With only about two months left to go, 2018 is quickly slipping into history. But before we bid farewell, we will take a moment to mark the centennial of two very famous overdate issues of 1918.
Overdates used to be quite common in the early years of the U.S. Mint. Dies were often prepared by hand, and an unused die at the end of the year could be used the following year by simply updating the date shown. The coinage of the 1810s and 1820s is replete with overdates as well as other anomalies. By the 1830s though, the pace had slowed, and while the occasional overdate still appeared, they became the exception rather than the rule.
Our first centennial celebrant is the 1918/7-D Buffalo Nickel. Despite a very obvious "7" lurking beneath the "8", this variety remained "undiscovered" until 1930, when Paul Lange of Rochester, NY offered one as the last lot in his Hobby Shop’s 14th Auction. In that sale he noted:
"WHO KNOWS ABOUT THIS? 545. 1918 over 17 D mint nickel!!![sic.] The seven shows on top as well as the lower rounded part of it. I have looked over 8000 other pieces but have not found another. The mint as well as many collectors of whom I inquired do not know anything about it – never saw one!"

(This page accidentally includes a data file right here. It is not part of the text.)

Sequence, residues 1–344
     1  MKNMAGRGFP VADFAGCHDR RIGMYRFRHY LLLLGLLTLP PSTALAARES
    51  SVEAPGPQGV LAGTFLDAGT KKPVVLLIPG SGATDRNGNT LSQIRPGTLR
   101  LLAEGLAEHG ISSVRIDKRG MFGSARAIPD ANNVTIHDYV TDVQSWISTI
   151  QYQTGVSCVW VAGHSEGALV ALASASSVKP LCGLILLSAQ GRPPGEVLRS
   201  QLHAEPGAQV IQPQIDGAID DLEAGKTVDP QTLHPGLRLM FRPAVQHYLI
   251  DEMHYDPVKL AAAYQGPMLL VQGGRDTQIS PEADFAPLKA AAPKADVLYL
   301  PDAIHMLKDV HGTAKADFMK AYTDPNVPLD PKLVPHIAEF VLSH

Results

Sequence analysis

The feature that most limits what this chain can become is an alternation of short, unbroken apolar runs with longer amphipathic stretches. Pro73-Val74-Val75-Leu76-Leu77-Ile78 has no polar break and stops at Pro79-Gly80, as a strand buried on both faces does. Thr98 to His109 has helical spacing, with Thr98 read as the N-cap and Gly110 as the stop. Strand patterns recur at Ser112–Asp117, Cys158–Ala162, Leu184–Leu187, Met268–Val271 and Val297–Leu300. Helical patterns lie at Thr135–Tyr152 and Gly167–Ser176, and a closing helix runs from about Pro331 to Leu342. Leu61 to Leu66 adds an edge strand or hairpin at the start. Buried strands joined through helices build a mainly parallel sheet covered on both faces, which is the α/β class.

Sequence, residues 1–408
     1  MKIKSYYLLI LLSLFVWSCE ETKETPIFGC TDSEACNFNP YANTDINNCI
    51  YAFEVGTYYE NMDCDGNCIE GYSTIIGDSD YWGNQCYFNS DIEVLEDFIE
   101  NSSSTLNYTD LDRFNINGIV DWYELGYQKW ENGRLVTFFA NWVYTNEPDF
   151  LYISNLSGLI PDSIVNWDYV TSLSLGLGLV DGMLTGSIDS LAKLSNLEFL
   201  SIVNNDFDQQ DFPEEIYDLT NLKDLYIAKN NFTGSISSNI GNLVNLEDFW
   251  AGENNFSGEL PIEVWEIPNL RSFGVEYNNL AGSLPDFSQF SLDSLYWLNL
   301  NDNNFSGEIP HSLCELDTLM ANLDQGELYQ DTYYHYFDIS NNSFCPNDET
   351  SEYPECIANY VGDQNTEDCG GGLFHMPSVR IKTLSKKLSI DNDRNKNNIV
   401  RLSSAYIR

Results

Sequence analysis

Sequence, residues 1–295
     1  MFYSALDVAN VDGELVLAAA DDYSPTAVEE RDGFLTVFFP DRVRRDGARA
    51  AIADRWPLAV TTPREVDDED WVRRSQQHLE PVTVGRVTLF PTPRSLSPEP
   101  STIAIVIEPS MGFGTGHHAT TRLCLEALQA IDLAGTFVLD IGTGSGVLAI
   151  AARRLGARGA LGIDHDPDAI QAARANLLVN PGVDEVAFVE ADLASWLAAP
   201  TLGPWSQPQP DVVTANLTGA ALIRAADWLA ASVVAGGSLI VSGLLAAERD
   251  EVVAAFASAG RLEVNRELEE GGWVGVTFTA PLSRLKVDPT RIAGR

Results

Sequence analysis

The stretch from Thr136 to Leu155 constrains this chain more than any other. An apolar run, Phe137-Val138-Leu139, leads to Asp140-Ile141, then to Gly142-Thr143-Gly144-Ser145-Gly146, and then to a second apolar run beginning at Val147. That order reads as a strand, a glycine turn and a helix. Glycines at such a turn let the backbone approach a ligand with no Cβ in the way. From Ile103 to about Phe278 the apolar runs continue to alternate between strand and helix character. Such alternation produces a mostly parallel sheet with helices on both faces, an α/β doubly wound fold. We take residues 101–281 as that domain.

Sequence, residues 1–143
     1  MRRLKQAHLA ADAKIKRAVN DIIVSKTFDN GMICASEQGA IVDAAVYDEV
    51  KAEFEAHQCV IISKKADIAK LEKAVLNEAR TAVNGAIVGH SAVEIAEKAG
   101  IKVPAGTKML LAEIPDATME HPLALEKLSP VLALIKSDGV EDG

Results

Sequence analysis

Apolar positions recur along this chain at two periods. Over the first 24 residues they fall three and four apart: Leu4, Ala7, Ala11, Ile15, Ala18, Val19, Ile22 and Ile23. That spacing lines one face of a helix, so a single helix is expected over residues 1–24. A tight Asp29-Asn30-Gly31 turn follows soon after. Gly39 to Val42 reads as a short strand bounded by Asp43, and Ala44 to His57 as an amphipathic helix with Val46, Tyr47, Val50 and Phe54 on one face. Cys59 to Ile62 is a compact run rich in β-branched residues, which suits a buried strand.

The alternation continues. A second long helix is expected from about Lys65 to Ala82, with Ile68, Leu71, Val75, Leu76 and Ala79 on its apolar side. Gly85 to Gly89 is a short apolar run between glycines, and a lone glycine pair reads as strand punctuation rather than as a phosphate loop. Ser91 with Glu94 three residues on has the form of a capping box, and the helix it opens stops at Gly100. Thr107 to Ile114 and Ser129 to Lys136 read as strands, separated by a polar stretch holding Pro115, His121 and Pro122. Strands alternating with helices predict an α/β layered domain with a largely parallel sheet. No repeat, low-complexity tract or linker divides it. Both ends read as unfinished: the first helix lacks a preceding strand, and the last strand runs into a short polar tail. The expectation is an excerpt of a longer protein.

A few other mint state examples were offered in the 1930s, but as the variety was not discovered for nearly 13 years after its issue, the vast majority of surviving pieces are in the lower grades of Good to Fine. Today, average mint state examples are worth in the mid-five-figures and top end pieces go well into six-figures. Even a nice Fine example is worth $2,500.
Our second centennial coin is the 1918/7-S Standing Liberty Quarter. Like the Buffalo Nickel, this variety remained unrecognized throughout the 1920s making its first auction appearance in December 1937 in a Barney Bluestone sale. And again, like the nickel, the overdate is not at all difficult to detect. This certainly suggests that during the 1920s and early 1930s, few people, if any, were "checking their change."
Values for the overdate quarter are similar to those of the nickel with values in the low to mid four figures in grades of Good through Very Fine. Lower end mint state pieces run into the lower five-figures and top end pieces approach six-figures. Mint State pieces are quite rare, with only about a dozen pieces certified between the two major services – and that figure includes the possibility of duplication.
Full head examples are prohibitively rare and as Jay Cline noted in his book, Standing Liberty Quarters, Fourth Edition: "Without any debate, the 1918/7-S Standing Liberty quarter is the very rarest Full Head in the entire series. None in MS65, MS66, or MS67 FH exist, and it is head and shoulders rarer than any other date, including the 1927-S."
Interestingly, we would have to wait for another World War for the next significant overdate in 20th century American coinage – that would be the 1942/1 Mercury Dimes, made incidentally, at both the Philadelphia and Denver mints!